Ye, Diana and TikTok: the highest documentaries to look at in 2022 | Documentary movies

ONEs over the past few years, 2022 promises a wealth of documentaries – some with delayed releases due to the pandemic – about the world’s greatest celebrities, scandals and contemporary forces (namely: TikTok). Next year, a Kanye West project that has been in the works for over 20 years will be unveiled, an investigation into the consequences of two Boeing planes due to design flaws, Amy Poehler’s documentary debut about Lucille Ball, and perhaps the premiere of the feature-length film. Child-bearing and as-yet-unnamed Rihanna film.

Here are some of the most anticipated documentaries of 2022 that are sure to be announced in the months ahead:

Jeen-yuhs: A Kanye West trilogy

Probably the most anticipated documentary of the year, Jeen-yuhs bundles 20 years of footage from the early career of rapper and producer Ye (that’s what West is called today) in Chicago to provocative (for better or for worse) superstar into a “documentary trilogy “. “. Directed by longtime collaborators Coodie & Chike (Chicago-born Clarence “Coodie” Simmons and Chike Ozah, who directed the video for Yes’s debut single Through the Wire in 2002), Jeen-yuhs promises unprecedented footage of Yes’s early career First-Look clip released in September shows a young Ye and Mos Def swapping bars with a camera in New York in 2002. Archive footage The Sundance entry will be streamed at an unannounced time later this year.

The Janes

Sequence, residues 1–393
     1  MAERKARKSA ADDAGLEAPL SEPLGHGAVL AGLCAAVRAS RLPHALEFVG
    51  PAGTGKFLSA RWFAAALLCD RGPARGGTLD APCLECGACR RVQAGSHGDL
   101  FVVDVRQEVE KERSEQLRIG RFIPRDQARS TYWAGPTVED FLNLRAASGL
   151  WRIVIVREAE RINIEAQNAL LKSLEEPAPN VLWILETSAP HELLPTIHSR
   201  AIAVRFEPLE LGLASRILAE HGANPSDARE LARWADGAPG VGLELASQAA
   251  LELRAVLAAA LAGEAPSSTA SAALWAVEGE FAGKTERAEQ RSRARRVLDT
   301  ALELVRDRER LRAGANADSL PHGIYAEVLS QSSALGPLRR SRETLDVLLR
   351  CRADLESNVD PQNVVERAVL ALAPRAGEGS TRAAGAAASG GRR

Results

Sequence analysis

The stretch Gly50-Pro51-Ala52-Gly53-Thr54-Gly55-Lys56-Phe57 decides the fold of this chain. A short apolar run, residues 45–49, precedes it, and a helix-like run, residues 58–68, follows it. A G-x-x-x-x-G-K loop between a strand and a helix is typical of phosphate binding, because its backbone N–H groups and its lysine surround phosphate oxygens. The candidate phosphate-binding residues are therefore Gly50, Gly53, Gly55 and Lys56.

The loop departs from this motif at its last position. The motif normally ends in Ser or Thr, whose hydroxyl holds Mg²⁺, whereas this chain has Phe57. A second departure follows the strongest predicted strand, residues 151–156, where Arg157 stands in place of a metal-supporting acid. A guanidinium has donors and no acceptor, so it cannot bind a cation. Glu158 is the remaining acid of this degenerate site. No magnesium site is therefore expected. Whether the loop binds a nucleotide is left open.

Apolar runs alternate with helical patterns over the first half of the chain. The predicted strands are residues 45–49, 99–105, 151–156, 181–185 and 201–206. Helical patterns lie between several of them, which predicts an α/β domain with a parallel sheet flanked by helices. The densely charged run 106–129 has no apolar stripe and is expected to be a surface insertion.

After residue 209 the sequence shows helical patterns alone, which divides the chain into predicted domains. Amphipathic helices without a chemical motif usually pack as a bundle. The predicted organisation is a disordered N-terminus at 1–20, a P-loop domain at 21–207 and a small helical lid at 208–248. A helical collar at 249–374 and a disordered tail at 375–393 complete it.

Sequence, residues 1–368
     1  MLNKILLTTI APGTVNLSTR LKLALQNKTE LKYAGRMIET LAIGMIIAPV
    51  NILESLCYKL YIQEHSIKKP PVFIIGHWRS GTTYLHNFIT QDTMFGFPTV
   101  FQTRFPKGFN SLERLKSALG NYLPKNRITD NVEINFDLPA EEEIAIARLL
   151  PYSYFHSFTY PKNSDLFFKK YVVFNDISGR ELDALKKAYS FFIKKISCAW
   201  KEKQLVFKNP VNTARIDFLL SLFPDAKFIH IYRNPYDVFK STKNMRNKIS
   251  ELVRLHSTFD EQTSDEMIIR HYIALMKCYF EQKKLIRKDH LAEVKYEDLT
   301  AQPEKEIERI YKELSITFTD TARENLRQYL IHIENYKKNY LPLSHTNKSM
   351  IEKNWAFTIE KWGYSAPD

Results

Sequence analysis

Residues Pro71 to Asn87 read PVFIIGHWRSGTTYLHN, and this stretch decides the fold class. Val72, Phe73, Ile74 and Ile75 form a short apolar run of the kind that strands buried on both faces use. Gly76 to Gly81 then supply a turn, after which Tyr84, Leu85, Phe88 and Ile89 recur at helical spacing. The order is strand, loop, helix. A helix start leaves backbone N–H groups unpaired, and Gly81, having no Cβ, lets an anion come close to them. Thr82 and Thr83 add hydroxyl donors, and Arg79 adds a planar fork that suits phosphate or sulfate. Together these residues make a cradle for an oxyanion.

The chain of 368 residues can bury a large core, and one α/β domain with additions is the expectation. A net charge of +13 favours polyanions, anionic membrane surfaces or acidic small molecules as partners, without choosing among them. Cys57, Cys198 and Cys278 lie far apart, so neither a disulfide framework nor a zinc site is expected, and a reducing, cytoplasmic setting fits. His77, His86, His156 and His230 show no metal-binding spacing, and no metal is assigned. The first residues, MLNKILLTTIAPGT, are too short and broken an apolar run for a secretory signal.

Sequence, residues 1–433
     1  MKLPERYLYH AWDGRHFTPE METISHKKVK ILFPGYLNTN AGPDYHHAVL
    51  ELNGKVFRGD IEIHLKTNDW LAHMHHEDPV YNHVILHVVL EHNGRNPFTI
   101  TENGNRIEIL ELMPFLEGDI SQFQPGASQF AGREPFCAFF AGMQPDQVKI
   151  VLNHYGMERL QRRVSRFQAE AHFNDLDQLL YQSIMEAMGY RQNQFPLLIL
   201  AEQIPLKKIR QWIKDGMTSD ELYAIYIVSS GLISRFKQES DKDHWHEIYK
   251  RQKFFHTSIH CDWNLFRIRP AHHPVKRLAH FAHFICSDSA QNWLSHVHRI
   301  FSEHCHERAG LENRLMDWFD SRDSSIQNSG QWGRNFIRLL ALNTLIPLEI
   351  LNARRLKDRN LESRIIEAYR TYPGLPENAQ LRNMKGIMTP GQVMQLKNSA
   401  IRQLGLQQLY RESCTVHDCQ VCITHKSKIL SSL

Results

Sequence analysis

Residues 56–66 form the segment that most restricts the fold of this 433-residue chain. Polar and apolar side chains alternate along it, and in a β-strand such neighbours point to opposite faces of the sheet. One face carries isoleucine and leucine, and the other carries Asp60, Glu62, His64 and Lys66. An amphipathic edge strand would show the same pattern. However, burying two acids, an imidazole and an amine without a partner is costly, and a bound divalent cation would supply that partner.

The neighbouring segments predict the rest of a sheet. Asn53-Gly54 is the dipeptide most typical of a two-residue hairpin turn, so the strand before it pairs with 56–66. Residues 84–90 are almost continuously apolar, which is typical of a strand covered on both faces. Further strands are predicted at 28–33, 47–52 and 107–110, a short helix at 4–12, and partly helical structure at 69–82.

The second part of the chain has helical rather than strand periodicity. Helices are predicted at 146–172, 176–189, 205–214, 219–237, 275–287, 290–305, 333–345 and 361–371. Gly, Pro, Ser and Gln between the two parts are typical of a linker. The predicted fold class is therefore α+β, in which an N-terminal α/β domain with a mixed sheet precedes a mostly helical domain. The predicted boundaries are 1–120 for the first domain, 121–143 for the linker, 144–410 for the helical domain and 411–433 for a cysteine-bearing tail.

Laura Kaplan from the Jane Collective. Photo: Reed Young / The Guardian

The Janes, a HBO-produced Sundance feature by Tia Lessin and Emma Pildes, are visiting the Jane Collective, a secret network of Chicago women that helped women achieve safe, illegal abortions between 1969 and 1973, the year in where the Supreme Court guaranteed a woman’s right to an abortion in Roe v Wade. It’s a glimpse into the past – an underground service of safe houses, code names, and blindfolds to help women in need – that could anticipate a dystopian future for criminalized abortion in the U.S. as the conservative Supreme Court is on the verge of overthrowing, or at least that is to cry the landmark decision in 2022.


RihannaRihanna. Photo: Dimitrios Kambouris / Getty Images for Bergdorf Goodman

Just like her 2016 follow-up album to Anti, the as yet untitled Rihanna documentary by director Peter Berg (Friday Night Lights) seems to have been permanently delayed. The long-term project – the film has been in the works for six years and was bought by Amazon in 2019 for a whopping 25 million to … who knows. Maybe in 2022? Perhaps the extra years allowed Berg to put together even more footage than the supposedly 1,200 hours he filmed before 2020, now the most popular line of lingerie, Savage x Fenty, began dating fellow musician A $ AP Rocky and asserted himself as a superstar worldwide .